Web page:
As one of the first titles in Atlantic Monthly Press' "Books That Shook" series, America's most provocative satirist, P.J. O'Rourke, reads from Adam Smith's revolutionary
The Wealth of Nations - so you don't have to.
Recognized almost instantly on its publication in 1776 as the fundamental work of economics, The Wealth of Nations was also recognized as really long. The original edition totaled over 900 pages in two volumes, including the blockbuster 67-page "digression concerning the variations in the value of silver during the course of the last four centuries", which, O'Rourke says, "to those uninterested in the historiography of currency supply, is like reading Modern Maturity in Urdu".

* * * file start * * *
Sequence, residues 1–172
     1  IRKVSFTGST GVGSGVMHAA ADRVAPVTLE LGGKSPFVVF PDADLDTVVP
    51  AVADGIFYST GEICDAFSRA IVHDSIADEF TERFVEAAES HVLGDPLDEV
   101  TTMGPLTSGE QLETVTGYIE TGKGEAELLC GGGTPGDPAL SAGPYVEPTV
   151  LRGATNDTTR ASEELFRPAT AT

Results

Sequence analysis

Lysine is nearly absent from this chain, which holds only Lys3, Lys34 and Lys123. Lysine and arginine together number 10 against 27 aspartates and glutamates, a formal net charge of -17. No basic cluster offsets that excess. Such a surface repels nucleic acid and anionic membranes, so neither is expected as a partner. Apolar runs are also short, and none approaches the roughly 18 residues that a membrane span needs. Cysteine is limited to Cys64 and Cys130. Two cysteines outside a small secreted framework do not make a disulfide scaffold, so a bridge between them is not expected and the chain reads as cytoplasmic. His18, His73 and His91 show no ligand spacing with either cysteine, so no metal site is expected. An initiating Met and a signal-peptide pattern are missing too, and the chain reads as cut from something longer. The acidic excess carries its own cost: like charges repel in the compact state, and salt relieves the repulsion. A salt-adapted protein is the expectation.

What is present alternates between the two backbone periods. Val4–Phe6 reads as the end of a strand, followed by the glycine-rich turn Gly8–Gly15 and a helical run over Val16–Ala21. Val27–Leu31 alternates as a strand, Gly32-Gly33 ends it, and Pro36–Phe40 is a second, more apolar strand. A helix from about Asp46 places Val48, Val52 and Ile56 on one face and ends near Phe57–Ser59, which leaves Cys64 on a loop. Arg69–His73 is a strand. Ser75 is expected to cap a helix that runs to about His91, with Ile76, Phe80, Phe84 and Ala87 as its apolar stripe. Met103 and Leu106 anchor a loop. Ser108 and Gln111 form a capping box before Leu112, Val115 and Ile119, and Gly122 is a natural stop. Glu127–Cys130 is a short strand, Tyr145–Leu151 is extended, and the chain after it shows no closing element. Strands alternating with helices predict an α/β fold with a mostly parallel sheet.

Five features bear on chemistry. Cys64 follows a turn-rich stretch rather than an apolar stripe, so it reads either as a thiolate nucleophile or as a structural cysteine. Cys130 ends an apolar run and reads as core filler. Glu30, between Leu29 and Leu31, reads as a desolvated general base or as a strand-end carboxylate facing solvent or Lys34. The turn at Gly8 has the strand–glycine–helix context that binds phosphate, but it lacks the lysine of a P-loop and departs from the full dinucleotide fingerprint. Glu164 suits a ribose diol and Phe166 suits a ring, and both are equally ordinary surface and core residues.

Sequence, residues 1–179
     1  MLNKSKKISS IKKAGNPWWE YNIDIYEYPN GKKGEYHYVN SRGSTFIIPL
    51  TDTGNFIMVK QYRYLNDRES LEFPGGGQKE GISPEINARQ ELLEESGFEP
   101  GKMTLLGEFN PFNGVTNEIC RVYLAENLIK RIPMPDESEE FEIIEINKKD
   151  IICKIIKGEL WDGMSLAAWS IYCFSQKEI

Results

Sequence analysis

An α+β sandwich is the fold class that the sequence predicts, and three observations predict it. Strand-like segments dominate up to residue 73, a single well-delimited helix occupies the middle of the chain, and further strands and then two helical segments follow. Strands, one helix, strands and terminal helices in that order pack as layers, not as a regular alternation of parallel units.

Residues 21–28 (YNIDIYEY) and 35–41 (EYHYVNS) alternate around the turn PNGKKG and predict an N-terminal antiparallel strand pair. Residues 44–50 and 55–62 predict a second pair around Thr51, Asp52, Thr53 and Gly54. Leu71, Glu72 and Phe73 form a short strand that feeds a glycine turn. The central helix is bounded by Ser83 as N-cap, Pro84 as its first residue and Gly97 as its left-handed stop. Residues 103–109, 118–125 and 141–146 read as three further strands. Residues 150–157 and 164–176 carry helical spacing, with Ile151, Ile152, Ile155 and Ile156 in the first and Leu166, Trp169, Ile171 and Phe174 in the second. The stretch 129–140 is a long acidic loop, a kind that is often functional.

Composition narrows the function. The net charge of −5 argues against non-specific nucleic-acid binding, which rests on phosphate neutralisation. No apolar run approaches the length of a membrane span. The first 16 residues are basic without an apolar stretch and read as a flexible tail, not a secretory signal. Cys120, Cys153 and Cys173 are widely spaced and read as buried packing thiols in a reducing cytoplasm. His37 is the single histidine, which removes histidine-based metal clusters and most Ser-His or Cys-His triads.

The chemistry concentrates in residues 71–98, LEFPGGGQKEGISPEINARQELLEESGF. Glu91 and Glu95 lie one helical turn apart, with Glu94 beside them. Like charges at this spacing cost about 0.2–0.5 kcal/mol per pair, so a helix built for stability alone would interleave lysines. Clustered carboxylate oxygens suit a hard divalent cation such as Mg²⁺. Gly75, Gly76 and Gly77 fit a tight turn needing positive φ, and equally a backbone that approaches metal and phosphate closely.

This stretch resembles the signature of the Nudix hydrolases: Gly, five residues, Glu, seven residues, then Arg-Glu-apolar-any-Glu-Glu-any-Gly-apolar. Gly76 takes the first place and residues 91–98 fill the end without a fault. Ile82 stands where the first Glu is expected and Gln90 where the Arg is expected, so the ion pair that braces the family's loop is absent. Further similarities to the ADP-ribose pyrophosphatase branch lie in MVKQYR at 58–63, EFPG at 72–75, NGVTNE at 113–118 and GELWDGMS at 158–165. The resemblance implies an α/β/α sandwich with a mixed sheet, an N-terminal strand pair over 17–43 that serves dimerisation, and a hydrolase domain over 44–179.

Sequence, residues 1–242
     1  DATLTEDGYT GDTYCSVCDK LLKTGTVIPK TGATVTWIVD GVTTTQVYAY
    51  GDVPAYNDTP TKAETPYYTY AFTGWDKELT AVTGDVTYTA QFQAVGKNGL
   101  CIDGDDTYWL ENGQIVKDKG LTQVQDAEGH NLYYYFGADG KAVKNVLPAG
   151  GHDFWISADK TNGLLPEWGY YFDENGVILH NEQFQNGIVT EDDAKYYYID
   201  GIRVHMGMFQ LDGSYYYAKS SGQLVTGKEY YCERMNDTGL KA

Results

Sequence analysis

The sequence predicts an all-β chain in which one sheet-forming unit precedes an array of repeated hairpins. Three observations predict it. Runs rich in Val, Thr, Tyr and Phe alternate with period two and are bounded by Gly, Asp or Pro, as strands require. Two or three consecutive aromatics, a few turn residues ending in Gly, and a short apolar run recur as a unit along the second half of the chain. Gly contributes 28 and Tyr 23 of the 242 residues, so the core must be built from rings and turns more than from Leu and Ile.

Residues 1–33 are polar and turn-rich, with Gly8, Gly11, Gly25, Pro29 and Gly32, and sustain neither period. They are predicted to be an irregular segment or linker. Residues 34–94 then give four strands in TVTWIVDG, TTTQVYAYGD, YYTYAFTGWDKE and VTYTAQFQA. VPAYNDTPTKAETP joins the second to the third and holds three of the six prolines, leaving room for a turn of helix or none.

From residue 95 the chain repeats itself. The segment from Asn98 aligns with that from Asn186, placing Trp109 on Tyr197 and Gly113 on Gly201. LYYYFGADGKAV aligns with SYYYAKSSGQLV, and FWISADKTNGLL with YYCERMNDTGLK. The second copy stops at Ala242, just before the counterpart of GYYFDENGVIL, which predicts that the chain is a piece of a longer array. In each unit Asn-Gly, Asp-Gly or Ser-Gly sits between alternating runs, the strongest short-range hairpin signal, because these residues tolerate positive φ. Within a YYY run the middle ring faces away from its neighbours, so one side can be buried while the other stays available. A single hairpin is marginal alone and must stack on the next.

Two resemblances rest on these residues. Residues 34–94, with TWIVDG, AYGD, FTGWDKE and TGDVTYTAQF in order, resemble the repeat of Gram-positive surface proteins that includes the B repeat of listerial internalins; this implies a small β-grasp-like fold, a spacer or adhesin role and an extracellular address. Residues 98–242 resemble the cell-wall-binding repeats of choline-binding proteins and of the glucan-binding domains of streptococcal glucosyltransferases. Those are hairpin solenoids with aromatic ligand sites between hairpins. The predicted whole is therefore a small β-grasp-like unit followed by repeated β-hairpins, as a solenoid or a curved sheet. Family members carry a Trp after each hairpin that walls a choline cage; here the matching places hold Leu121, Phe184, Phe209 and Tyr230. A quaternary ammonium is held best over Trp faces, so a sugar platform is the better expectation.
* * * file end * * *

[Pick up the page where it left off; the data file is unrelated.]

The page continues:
Although daunting, Smith's tome is still essential to understanding such currently hot topics as outsourcing, trade imbalances, and Angelina Jolie. In this hilarious, approachable, and insightful examination of Smith and his groundbreaking work, P.J. puts his trademark wit to good use and shows us why Smith is still relevant, why what seems obvious now was once revolutionary, and why the pursuit of self-interest is so important.
"In a highly accessible, often hilarious tone, O'Rourke parses Smith's notions of political and economic freedom." (
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Good listen for a right-wing take on Smith
A work of genius ruined